Appleton's Cyclopedia of American Biography, edited by James
Grant Wilson, John Fiske and Stanley L. Klos. Six volumes, New York: D. Appleton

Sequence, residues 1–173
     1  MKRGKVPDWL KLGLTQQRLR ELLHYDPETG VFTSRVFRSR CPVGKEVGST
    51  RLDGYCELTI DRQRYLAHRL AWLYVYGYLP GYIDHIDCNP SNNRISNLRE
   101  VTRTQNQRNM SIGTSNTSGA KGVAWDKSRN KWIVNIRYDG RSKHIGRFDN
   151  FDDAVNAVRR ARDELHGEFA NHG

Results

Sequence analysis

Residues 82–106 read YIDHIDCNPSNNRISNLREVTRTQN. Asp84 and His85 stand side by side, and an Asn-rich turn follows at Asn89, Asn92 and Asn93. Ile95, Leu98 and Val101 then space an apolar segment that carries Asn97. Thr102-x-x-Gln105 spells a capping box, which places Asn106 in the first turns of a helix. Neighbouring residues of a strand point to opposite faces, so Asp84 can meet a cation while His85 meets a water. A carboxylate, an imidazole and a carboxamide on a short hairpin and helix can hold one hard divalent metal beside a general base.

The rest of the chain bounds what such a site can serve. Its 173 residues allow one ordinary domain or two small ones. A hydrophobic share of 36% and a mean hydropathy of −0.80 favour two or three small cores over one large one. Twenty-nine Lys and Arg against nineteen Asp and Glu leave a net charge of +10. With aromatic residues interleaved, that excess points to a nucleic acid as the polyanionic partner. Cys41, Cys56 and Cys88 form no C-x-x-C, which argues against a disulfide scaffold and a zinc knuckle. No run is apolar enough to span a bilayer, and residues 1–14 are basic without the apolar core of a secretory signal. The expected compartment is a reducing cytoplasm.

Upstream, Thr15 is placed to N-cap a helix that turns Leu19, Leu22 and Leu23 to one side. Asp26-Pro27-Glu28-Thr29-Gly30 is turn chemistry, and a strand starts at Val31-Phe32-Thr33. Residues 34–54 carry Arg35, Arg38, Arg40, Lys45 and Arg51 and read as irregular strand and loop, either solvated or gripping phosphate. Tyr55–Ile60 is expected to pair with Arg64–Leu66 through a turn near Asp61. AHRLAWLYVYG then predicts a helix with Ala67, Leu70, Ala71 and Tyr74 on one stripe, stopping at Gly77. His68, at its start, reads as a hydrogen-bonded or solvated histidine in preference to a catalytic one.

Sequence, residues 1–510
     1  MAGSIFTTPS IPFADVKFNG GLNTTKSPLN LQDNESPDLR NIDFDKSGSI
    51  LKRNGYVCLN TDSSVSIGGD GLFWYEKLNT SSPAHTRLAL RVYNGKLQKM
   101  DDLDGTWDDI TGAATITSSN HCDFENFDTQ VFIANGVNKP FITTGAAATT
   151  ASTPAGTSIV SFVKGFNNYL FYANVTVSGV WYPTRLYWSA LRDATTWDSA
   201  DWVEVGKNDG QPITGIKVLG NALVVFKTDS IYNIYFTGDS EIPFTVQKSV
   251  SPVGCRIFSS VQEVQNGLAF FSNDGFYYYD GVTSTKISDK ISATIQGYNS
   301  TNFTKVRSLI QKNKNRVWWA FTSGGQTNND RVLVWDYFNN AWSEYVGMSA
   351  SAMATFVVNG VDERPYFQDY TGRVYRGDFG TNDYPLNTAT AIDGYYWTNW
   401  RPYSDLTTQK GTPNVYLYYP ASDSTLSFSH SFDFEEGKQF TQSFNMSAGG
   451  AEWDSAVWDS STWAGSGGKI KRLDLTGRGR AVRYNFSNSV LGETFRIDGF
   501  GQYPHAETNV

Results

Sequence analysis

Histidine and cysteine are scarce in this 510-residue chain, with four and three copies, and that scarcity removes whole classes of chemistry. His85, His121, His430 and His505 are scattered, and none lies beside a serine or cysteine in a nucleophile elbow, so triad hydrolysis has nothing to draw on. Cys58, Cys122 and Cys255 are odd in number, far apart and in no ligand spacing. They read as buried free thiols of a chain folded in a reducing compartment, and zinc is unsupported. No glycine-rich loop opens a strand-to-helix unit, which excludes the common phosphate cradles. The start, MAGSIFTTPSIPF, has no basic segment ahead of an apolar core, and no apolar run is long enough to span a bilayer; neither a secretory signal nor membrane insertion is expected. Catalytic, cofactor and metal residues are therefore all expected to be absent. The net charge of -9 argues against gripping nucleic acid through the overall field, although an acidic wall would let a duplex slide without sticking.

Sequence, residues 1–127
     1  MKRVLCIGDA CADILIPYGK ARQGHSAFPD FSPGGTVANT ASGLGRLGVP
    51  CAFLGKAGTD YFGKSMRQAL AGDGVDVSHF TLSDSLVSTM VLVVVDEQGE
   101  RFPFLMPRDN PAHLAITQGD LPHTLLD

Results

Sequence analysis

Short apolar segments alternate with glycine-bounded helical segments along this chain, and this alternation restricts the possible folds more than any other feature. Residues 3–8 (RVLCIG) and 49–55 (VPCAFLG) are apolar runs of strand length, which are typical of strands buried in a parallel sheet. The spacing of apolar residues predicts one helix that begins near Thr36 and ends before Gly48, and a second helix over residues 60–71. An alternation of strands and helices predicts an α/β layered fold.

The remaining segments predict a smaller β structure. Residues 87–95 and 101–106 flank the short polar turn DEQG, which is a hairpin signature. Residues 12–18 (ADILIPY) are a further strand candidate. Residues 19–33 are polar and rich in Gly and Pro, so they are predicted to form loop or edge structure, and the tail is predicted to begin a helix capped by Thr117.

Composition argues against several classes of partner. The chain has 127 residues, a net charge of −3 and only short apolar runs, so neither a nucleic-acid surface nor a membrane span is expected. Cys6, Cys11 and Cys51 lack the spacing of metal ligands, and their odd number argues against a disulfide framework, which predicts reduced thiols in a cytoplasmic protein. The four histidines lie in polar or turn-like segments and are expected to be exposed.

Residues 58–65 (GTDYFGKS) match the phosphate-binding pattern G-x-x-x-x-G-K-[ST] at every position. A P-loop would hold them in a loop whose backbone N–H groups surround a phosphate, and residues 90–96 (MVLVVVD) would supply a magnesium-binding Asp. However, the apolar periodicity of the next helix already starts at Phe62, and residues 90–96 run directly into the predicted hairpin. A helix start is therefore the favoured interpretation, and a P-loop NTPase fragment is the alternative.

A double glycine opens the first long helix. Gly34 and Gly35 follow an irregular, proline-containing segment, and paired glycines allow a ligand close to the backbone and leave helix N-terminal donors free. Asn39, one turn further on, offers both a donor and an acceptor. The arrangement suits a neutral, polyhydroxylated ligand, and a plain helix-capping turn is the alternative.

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GUERRERO, Vicente (ger-ray'-ro), president of Mexico, born in Tixtla, Mexico, in 1783; died in Cuilapam, Mexico, 14 February, 1881. He distinguished himself in the battle of Izucar, 28 February, 1812, and after the defeat of the revolutionists at Puruaran went to the south of Mexico and gained several victories over the Spaniards. In 1816 he was defeated in Canada de las Naranjos, but soon afterward he defeated Zavala and Reguera in Azoyu The Spanish general Apodaca then offered to pardon him if he would yield, but he refused. The death of Morelos, Matamoros, and Nina, the imprisonment of Bravo and Rayon, and the pardon accepted by Teran, almost put an end to the revolution, and Guerrero was the only general that continued to resist the Spaniards, until the victory of Tamo, 15 September, 1818, revived the cause and enabled him to gain other victories. When he was convinced that Iturbide desired the independence of Mexico, he joined him" but when Iturbide caused himself to be proclaimed emperor, he opposed him and was defeated and wounded in the battle of Almolonga, 23 January, 1823. Guerrero was appointed a member of the executive council when the Republicans were victorious, and exiled Iturbide. Afterward Bravo was elected head of the so-called Escoces party, and Guerrero of the Yorkino. The rivals met in battle, Bravo was defeated, and Guerrero became president of Mexico. But he was soon deposed ill favor of Santa Anna, fled to the south, and made war upon the administration until January, 1831, when he was inveigled on board an Italian ship, and delivered to his enemies. He was condemned by a court-martial and shot.
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